Via Integra

Fr Mark's progressive Anglo-Catholic take on European Christianity

  • This is my collection of material about the current state of the churches in Europe. I am interested in looking at how they are dealing with the pressing issues of our time: the issues of gay people and women in ministry/ leadership are particularly pressing at the moment, as is the area of declining church attendance.

    I would like to see how Europe's traditional religious institutions are coping with the new Europe currently being forged, in which public opinion and ethical attitudes are becoming inceasingly pan-European, and are evidently presenting a series of strong challenges for the churches.

Austria – the gay issue

Posted by Fr Mark on August 13, 2009

500px-Austria_Bundesadler_svgA gay Austrian Roman Catholic priest is now working for the Old Catholic Church


From AustrianTimes, 23.12.08

By Thomas Hochwarter

A priest who lost his Church after he admitted being gay is back giving Sunday services – in a pub.

Christian Blankenstein, 41 – sacked by the Catholic Church after coming out as homosexual – is holding masses in the Klostermarie beer hall in Vienna with his flock.

Parishioner Edith Schwarzmüller said: “He is a good priest, his sexual preferences are irrelevant – the Church should have left him alone to do the good job he had always done.”

Father Blankenstein said: “It’s much like in a normal church. People come in, sit down, chat a bit before the mass starts. Of course there are some differences.

“Instead of pictures showing the Stations of the Cross, there are beer advertisement posters on the walls, and rather than a grand altar I have a beer table.

“But none of the congregation seems to have had a problem with this.”

With no job, but still determined to carry on with his calling the priest joined the 14,000-strong Altkatholische Kirche, the Old Catholic Church.

The breakaway sect is a liberal branch of the Austrian Catholic Church where priests are allowed to marry and the doctrine of Papal infallibility is ignored.

And within months he was back celebrating mass – albeit in slightly different surroundings: The Klostermarie beer hall in Vienna’s rough 20th district Brigittenau.

Blankenstein has become a local celebrity. Scores of worshippers come every Sunday from miles around for his mass – not for any novelty value but out of loyalty to a priest they have faith in.

Many have followed him from his original church, the St. Salvator in Vienna’s first District.

Gertrude Lippert, a doctor and regular at Blankenstein’s ‘church’ said: “None of us knows what exactly happened in the past. And in the end, we are not really interested. We are just happy being able to celebrate here – it’s not a problem for us.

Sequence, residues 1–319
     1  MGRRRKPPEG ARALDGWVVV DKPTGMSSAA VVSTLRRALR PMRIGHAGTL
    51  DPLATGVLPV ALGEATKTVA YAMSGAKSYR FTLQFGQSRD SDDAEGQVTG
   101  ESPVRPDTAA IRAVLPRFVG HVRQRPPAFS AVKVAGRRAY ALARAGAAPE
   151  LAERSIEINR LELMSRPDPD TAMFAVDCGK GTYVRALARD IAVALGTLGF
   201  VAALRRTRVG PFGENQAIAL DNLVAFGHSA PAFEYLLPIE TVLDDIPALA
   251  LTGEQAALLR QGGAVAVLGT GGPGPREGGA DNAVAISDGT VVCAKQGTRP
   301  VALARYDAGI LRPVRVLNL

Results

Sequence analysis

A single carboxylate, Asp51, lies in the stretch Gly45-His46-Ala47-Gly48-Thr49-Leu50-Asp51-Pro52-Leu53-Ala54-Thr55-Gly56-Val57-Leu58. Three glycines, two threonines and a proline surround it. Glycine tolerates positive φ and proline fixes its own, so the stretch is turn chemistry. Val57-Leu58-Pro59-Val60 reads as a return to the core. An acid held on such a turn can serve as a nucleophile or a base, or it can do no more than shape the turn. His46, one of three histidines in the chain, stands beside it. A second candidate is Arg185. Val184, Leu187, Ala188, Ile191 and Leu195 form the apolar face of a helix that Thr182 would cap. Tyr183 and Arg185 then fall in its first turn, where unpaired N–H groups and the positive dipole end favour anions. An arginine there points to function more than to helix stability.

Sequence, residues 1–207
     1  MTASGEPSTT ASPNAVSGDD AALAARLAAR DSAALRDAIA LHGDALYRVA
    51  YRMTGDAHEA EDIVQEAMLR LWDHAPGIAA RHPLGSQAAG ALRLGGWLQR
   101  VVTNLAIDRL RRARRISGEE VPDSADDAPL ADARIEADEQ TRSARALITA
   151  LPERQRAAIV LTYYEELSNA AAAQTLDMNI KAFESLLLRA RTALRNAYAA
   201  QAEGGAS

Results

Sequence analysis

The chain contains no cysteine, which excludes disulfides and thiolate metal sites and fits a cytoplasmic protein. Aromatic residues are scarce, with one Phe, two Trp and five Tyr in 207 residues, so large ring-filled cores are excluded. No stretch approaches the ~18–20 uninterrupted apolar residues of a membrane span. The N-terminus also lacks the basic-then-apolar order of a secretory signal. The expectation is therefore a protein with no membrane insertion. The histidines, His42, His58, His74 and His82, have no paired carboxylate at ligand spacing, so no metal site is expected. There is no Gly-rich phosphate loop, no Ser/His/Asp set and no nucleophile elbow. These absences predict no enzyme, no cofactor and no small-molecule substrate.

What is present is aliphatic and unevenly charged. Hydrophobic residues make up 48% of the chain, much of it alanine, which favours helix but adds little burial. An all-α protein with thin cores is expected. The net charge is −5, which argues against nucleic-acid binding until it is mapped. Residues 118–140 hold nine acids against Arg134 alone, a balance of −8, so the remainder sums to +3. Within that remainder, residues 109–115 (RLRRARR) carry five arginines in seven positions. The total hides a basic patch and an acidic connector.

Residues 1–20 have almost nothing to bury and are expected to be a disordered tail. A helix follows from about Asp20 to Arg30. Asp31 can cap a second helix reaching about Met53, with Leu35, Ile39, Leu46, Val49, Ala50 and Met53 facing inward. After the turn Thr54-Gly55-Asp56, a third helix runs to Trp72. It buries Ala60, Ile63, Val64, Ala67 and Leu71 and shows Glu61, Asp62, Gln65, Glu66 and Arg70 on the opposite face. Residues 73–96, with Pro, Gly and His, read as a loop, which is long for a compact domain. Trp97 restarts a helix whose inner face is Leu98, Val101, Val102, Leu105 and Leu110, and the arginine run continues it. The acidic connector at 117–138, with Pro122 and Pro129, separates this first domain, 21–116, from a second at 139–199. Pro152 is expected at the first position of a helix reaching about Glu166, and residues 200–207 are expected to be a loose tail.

“I want to be part of a community which finds its strength from its base and not from those at the top.”

Another, Rosemary Moravec-Hilmar, travels 15 miles every Sunday morning from Mödling, a town south of Vienna, for the mass. She said: “What brought us to hold the mass here is the exact opposite of justice and fairness.”

And the owners of the Klostermarie – which translates into English as Mary of the Cloisters – are just as happy about their resident preacher.

While takings are falling on other days of the weeks, turnover on Sunday is rising.

Publican Maria Potensil says: “Christian has always been a regular. One day he asked me whether he could use the facilities until he found another place to celebrate Sunday mass. I never saw any problem with that – and the name of the place fits perfectly, doesn’t it?”

Blankenstein is philosophical about his decision to come out as a homosexual and which led him to saying mass in the Klostermarie.

“I think a lot about it and ask myself: ‘Was it worth it?’ But in the end, I do not regret anything. My community and friends gave me incredible support all along the way,” he says.

He jokes: “I raised a few eyebrows at the job centre too. They had never dealt with an unemployed priest before.”

He adds more seriously though: “I am convinced I have done nothing wrong. If there was one good thing about all this controversy, then it’s the fact that it again became clear to me what my vocation is.”

As songs are sung and intercessions are read Blankenstein gets ready for a sermon.

He says: “Jesus is where people come together. God and faith are in the hearts of people. And there is a connection to people’s rights and the fact we have come together here today and not in a church.”

Everyone nods with approval before he carries on.

As the service carries on in the pub, which opens as soon as the mass finishes at 11am, it is easy to forget for a moment that it is being held in a pub.

While people pray though there is the gentle hum of a dishwasher and the chink of glasses and cutlery as the Sunday lunch menu is cooked up in the pub kitchen.

And as soon as mass is over, the congregation put away their book of prayers to grab the menu and order lunch – typically a traditional wiener schnitzel of immense proportions.

Blankenstein, who sits down with his flock to eat as well, says he one day hopes to find a church to say mass in again.

But he smiles as he says: “I may be here for some time.”


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